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Important Information About Heart Disease in Dogs

Important Information About Heart Disease in Dogs

An estimated 10 percent of dogs in the U.S. have heart disease. “Heart disease” is a catch-all term for a variety of serious degenerative cardiovascular problems. The most common type in dogs is valvular disease, which is most prevalent in small breed dogs over the age of 5; it accounts for ¾ of all canine cardiovascular disease cases. Preventable canine heartworm disease is the second most common form of heart disease in dogs.

Heart disease leads to congestive heart failure, which refers to the heart’s inability to continue meeting the demands of its crucial bodily functions. There is no way to reverse or cure congestive heart failure, and it is fatal.

As your hearing, guide, or service dog gets older, it’s important to keep up with regular bi-annual veterinary checkups, and to be on the lookout for warning signs of heart disease. Early detection can make an enormous difference in the progression of the disease and your assistance dog’s prognosis.

When a service, hearing, or guide dog is diagnosed with heart disease, it is time for her to be retired so that the focus can be on her care and comfort. Also, she will have physical activity restrictions to prevent undue stress on her cardiovascular system.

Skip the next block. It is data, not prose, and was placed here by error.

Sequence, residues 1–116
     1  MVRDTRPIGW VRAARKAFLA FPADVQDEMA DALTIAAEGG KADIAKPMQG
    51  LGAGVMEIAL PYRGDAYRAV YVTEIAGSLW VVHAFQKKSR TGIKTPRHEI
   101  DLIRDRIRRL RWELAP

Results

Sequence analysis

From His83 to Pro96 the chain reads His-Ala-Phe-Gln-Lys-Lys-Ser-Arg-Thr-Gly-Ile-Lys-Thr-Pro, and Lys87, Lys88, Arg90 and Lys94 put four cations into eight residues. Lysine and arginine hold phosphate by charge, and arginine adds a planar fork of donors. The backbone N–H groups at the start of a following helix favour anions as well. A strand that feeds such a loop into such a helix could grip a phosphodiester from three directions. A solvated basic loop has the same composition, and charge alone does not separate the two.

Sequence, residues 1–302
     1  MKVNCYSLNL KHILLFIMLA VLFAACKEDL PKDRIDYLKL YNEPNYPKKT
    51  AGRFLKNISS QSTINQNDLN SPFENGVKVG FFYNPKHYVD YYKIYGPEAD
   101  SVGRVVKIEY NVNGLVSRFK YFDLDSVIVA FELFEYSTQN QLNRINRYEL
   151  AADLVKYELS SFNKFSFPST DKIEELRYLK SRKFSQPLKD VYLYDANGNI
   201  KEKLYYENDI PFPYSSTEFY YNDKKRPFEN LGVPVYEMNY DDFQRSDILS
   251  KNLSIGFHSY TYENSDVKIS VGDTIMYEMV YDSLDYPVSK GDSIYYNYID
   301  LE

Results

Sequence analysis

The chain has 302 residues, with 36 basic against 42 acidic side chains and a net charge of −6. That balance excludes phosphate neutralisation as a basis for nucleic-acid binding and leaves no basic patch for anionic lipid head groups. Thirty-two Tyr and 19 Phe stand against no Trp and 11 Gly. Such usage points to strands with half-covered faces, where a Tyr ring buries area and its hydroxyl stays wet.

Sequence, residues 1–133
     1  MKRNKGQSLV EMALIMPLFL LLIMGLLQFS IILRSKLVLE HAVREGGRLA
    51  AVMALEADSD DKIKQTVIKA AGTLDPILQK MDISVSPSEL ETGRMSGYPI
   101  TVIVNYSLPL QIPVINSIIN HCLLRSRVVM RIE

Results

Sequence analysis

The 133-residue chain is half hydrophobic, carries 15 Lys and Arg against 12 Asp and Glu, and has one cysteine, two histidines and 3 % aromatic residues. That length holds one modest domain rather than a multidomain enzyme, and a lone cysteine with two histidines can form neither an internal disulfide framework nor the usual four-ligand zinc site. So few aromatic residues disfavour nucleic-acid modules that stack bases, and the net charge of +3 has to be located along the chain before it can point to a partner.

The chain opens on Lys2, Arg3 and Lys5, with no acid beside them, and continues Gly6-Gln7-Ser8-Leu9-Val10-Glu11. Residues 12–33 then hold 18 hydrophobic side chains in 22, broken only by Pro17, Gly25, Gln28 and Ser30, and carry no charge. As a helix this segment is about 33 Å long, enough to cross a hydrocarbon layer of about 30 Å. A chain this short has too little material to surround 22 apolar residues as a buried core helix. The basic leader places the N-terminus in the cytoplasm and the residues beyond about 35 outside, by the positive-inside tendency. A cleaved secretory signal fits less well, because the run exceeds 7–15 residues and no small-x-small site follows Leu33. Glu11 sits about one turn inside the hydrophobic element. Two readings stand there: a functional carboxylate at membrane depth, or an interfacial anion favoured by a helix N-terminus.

Signs and Symptoms of Heart Disease in Dogs

In the earliest stages, there may be no noticeable indications of heart disease in dogs. However, as the disease progresses, any of a number of signs and symptoms typically manifest. Things to watch for in your assistance dog include:

  • Fatigue
  • Unwillingness or inability to perform tasks
  • Avoiding physical activity
  • Becoming less attentive or more withdrawn
  • Coughing for more than three days
  • Shortness of breath, labored breathing, or rapid breathing
  • Loss of appetite
  • Weight loss
  • Distended abdomen (potbelly appearance)
  • Swelling in the limbs
  • Difficulty falling asleep or staying asleep
  • Collapsing or fainting

These symptoms may point to heart disease, or they may be warning signs of something else serious that’s going on with your assistance dog. If you observe any of these symptoms, see your vet right away.

Diagnosing Heart Disease in Dogs

Only your veterinarian can diagnose your assistance dog. Be prepared to tell your vet about any possible symptoms you’ve seen and concerns you have. The more detailed you can be about what you’ve noticed, when it started, whether it’s gotten worse and how quickly, and so on, the better.

Diagnosis begins with a physical examination, including listening for heart murmurs or an irregular heartbeat and looking for edema and other potential symptoms. If there’s cause for concern, other tests like X-rays, cardiac ultrasounds, or ECGs will be performed.

Treating Heart Disease in Dogs

There’s no cure for heart disease, but it can be managed to mitigate symptoms and slow the disease’s progression. Your veterinarian will prescribe one or more medications to relieve symptoms and boost your assistance dog’s cardiovascular function. Drug classes commonly used include diuretics, ACE inhibitors, vasodilators, and positive inotropes.

A low-salt diet is also an essential part of managing the disease, as is restriction on physical activity and exercise to limit stress on the heart.

References:

Pet Health Network: Dogs and Heart Disease—An Overview

PetMD: Top 10 Signs of Heart Disease in Dogs

Cummings Veterinary Medical Center: Congestive Heart Failure—Treatments for Pets with Heart Disease

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